This week’s Danger Gal post profiles Rita Vrataski a.k.a. the Full Metal Bitch in Hiroshi Sakurazaka’s ALL YOU NEED IS KILL.
Aliens called Gitai have invaded Earth and are intent on terraforming it for themselves even if that means turning it into a wasteland for its current occupants. Humans have outfitted themselves with “Jackets,” mecha suits equipped with numerous weapons, none of which have much impact on the aliens.
Only one soldier has stood up to the aliens and they call her the Full Metal Bitch.
Nicknamed “Mimics” because the Gitai mimic the appearance of the first creature they came in contact with – starfish. About four feet tall, Mimics possess multiple limbs, a hard exoskeleton, and shoot razor-sharp “javelins” from their bodies in battle. Only one soldier has made a difference against the Mimics, taking out about half of all the Mimic kills humans had made overall. They called her the Angel of Death, Valkyrie Incarnate, Mad Wargarita. She looked like Anne of Green Gables.
If there’s any doubt at this point, let me spell it out: I bought this book because of Rita Vrataski. Sure, there are other aspects of this story that definitely appealed to me: the mecha “Jackets,” the repeating timeline, the non-white main character of Keiji Kiriya, and an opportunity to read speculative fiction translated from another language.
The back cover excerpt describing the Full Metal Bitch piqued my interest:
A war junkie always chasing the action no matter where it led her…Her voice filled my suit, clear as crystal. A high-pitched tone, at odds with the two-meter axe and carnage I’d just seen. “I read that the green tea they serve in Japan at the end of a meal comes free. THAT TRUE?”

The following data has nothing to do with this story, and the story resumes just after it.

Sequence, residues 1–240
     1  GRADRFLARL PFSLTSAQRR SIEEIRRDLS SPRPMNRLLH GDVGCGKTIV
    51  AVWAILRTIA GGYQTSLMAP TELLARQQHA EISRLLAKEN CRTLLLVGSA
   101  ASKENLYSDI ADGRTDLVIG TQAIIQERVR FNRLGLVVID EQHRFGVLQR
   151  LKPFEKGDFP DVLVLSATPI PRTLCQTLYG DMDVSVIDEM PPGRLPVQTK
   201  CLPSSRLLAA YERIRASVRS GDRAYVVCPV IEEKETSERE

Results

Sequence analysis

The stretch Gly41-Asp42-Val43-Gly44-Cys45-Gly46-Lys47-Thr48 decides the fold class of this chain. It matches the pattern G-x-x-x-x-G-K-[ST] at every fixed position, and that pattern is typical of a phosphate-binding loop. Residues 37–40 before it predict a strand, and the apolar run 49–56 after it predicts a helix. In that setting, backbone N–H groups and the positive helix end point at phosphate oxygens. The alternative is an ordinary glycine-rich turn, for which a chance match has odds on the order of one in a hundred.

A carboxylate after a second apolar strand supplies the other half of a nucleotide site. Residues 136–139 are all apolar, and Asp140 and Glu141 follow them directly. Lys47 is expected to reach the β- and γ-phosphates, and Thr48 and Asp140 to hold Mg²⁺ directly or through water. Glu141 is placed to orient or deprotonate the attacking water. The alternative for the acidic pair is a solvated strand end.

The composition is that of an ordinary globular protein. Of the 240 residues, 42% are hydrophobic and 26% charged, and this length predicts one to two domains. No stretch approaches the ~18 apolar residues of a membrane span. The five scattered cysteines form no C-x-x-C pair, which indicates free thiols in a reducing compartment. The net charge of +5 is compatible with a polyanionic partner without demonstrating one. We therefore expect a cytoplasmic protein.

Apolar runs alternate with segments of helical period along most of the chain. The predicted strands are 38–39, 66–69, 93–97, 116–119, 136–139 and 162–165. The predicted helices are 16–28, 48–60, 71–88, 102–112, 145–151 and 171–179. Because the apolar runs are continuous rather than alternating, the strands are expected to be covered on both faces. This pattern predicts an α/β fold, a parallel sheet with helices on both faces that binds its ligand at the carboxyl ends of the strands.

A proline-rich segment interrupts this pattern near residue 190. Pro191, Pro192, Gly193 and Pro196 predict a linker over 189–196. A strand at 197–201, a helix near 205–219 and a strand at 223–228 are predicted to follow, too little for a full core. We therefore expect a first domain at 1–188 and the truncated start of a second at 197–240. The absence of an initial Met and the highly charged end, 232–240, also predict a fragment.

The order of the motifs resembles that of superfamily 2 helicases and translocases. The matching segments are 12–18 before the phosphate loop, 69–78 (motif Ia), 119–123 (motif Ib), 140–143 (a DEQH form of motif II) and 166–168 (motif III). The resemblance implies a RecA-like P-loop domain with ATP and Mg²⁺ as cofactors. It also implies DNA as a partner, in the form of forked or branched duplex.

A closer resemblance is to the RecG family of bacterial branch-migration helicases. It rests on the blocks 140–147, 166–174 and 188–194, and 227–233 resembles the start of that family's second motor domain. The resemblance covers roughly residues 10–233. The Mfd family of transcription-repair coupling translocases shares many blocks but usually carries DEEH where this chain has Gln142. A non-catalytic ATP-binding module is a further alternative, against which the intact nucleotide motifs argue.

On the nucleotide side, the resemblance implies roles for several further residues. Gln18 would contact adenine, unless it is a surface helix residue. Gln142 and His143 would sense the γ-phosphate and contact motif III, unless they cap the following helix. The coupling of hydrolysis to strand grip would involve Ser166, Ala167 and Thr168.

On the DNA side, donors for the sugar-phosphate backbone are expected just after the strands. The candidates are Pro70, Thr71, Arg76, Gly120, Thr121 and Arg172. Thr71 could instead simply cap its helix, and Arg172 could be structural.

Nine pages in the scene where a dying Keiji first sees Vrataski in her crimson mecha suit clinched the purchase:
The Mimic’s coming for me.
I can hear Death breathing in my ear.
His figure looms large in my heads-up display.
Now I see him; his body is stained a bloody red. His scythe, a two-meter-long behemoth, is the same vivid shade. It’s actually more of a battle axe than a scythe. In a world where friend and foe war the same dust-colored camouflage, he casts a gunmetal red glow in all directions.
The Anne of Green Gables description is an accurate one in that Rita is quite petite and possesses hair “the color of rusted steel, faded to a dull red.” She’s very young, having joined up at sixteen after a couple Mimics destroyed her town and her killed her whole family.
I like that the mecha Jackets have equalized gender on the battlefield, even if with the exception of Rita, the genders are separated into their own units.
Without spoiling the whole plot for those who have yet to read this story, I should warn you that it does have a bittersweet ending. However, the nature of the time repetition leaves the ending open for interpretation, I think. Separately, Rita and Keiji discover just how the Mimics have been winning the war and turn that against the invaders. Despite the apocalyptic nature of this story, Keiji’s attitude is upbeat and pushes the story along at a fast pace. The English translation by Alexander O. Smith comes across smooth and this 200-page story feels like a full-length novel. The plot-driven nature of the time repetition acts as a framework for both characters to open up rather than shutting them down.
Warner Bros. is slated to release this story as a movie in 2012 directed by Doug Liman and based on the screen adaptation by Dante Harper. I’ve heard rumblings that Ryan Gosling may be cast in the lead role (named Billy Cage) and the story will be moved from Kotoiushi Island to the U.S. Nothing against Gosling, but I think someone like Daniel Henney would have been great in the role of Keiji, but I guess that’s Hollywood. I agree with Nix, though, in the review of the novel over at SciFiCool:
Casting the right person for the Keiji role is important, but casting the right actress for Rita is downright make-or-break.
I bet Olivia Wilde from Tron: Legacy could pull it off even if she is a little tall for the character as described in the book.
Collider: Warner Bros. Believes That ALL YOU NEED IS KILL, and They Are So Very, Very Right
Temple Library Review: All You Need Is Kill